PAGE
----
Children with poor nutrition are at increased risk of pneumonia. In many tropical settings seasonal pneumonia epidemics occur during the rainy season, which is often a period of poor nutrition. We have investigated whether seasonal hunger may be a driver of seasonal pneumonia epidemics in children in the tropical setting of the Philippines. In individual level cohort analysis, infant size and growth were both associated with increased pneumonia admissions, consistent with findings from previous studies. A low weight for age z-score in early infancy was associated with an increased risk of pneumonia admission over the following 12 months (RR for infants in the lowest quartile of weight for age z-scores 1.28 [95% CI 1.08 to 1.51]). Poor growth in smaller than average infants was also associated with an increased risk of pneumonia (RR for those in the lowest quartile of growth in early infancy 1.31 [95%CI 1.02 to 1.68]). At a population level, we found that seasonal undernutrition preceded the seasonal increase in pneumonia and respiratory syncytial virus admissions by approximately 10 weeks (pairwise correlation at this lag was -0.41 [95%CI -0.53 to -0.27] for pneumonia admissions, and -0.63 [95%CI -0.72 to -0.51] for respiratory syncytial virus admissions). This lag appears biologically plausible. These results suggest that in addition to being an individual level risk factor for pneumonia, poor nutrition may act as a population level driver of seasonal pneumonia epidemics in the tropics. Further investigation of the seasonal level association, in particular the estimation of the expected lag between seasonal undernutrition and increased pneumonia incidence, is recommended.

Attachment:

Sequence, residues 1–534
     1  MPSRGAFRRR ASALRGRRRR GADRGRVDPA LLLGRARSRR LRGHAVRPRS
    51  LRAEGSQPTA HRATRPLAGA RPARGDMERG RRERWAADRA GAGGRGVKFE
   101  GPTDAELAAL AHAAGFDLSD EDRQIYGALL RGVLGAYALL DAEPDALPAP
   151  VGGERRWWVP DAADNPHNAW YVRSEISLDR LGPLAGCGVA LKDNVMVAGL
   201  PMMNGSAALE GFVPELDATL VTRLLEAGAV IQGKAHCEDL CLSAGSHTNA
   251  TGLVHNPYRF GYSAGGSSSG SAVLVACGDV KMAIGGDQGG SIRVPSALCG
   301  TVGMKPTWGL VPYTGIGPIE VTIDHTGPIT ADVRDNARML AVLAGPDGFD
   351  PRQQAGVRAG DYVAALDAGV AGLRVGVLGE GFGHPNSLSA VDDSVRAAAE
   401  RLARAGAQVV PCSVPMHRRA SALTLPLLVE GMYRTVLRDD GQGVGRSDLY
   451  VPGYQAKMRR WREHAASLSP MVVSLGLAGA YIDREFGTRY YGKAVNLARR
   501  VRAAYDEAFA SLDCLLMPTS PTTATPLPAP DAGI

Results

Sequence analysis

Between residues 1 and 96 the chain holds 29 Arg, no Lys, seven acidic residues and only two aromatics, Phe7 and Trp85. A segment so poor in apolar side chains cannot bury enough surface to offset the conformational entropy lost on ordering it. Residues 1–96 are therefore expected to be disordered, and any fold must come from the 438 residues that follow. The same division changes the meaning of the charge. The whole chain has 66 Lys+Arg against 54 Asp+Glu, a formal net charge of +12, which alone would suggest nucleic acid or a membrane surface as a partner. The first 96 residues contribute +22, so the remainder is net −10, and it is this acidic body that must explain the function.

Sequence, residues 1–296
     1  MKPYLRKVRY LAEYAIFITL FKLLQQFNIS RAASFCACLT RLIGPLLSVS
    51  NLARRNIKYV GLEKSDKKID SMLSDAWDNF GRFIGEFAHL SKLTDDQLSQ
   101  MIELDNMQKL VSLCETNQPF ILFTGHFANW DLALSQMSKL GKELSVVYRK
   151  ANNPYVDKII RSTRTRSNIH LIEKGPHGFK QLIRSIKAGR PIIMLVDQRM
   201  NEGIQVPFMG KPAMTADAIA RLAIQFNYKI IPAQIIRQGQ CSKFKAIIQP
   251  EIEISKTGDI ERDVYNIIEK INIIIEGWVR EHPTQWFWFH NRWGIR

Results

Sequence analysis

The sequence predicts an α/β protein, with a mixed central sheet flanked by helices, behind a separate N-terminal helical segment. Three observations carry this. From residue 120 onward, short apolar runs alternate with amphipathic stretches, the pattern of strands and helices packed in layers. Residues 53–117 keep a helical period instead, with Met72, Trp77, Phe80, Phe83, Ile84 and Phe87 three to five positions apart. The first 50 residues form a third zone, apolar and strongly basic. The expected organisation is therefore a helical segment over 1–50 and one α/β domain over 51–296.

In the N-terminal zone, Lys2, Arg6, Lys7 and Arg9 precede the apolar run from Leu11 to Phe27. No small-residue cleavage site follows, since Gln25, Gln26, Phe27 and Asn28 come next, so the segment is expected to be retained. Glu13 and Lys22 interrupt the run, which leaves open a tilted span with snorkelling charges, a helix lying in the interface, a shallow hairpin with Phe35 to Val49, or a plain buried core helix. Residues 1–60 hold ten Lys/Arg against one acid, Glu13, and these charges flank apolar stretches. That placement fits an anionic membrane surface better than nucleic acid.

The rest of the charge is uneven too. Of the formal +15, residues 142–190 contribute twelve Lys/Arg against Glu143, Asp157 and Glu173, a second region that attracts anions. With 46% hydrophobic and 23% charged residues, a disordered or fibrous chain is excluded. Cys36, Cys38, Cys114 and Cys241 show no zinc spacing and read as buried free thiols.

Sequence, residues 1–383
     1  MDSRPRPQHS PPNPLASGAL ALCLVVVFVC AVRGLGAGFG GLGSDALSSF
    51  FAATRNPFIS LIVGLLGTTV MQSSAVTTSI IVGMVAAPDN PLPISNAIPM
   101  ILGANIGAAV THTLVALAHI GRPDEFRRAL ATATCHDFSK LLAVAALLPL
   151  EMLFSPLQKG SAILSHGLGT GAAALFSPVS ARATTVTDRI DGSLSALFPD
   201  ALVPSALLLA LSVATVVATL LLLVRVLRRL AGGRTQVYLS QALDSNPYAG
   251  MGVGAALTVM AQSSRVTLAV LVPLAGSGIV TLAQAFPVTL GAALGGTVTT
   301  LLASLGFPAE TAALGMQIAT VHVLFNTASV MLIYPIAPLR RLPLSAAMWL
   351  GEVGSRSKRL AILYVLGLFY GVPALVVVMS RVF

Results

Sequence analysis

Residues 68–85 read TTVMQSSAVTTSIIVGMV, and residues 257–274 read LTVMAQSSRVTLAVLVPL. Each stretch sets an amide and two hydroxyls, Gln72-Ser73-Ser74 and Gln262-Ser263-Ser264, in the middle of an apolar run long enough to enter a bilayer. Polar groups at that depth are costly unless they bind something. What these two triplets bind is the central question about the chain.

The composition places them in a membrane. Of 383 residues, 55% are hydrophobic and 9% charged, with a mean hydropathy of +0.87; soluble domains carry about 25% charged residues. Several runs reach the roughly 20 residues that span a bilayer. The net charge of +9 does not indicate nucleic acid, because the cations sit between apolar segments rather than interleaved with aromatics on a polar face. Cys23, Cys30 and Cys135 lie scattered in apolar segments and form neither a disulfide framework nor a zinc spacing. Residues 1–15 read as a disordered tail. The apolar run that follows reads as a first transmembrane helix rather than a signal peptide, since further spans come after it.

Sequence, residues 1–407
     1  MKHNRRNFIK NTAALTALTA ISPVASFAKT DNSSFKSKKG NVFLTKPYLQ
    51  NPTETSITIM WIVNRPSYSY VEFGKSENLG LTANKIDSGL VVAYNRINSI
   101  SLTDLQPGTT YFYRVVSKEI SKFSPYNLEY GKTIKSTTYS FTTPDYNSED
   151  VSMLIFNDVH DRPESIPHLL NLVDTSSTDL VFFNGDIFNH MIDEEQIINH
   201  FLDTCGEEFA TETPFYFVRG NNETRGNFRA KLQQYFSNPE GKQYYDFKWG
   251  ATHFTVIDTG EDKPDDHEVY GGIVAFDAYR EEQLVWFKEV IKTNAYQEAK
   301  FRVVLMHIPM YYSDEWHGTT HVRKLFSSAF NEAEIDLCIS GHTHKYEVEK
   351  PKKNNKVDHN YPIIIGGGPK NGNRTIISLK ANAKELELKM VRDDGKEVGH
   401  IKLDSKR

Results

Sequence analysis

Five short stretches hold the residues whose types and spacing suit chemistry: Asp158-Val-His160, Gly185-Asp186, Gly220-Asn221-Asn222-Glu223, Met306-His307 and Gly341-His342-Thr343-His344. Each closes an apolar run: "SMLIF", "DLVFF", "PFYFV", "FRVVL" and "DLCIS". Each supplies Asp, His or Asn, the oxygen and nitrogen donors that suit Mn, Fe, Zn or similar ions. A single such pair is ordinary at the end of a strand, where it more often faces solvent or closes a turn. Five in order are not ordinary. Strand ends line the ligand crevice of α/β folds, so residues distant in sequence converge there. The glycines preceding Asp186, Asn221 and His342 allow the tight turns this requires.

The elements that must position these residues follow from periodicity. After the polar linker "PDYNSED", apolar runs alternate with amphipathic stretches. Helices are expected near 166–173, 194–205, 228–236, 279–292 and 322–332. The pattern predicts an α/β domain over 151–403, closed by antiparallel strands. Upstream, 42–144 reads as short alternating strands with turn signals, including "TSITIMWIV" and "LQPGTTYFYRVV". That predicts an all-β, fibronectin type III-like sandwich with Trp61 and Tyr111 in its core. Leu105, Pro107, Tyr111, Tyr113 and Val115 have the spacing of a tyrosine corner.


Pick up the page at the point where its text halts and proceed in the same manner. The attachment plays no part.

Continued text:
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http://journals.plos.org/plosone/article?id=10.1371/journal.pone.0067528PLOS
http://www.ncbi.nlm.nih.gov/pmc/articles/PMC3695907PMC
April 2014

Global and regional burden of hospital admissions for severe acute lower respiratory infections in young children in 2010: a systematic analysis.

Lancet 2013 Apr 29;381(9875):1380-1390. Epub 2013 Jan 29.

Centre for Population Health Sciences, Global Health Academy, The University of Edinburgh, Edinburgh, UK.

Background: The annual number of hospital admissions and in-hospital deaths due to severe acute lower respiratory infections (ALRI) in young children worldwide is unknown. We aimed to estimate the incidence of admissions and deaths for such infections in children younger than 5 years in 2010.